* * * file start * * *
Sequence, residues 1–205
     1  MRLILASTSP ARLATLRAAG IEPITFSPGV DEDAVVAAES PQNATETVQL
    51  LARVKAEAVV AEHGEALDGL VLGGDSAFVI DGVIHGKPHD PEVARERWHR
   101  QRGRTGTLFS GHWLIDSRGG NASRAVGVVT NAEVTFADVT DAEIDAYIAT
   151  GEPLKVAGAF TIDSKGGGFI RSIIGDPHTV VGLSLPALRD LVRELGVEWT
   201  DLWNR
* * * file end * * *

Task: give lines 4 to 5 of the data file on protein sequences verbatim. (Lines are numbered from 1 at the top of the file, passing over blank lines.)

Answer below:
   101  QRGRTGTLFS GHWLIDSRGG NASRAVGVVT NAEVTFADVT DAEIDAYIAT
   151  GEPLKVAGAF TIDSKGGGFI RSIIGDPHTV VGLSLPALRD LVRELGVEWT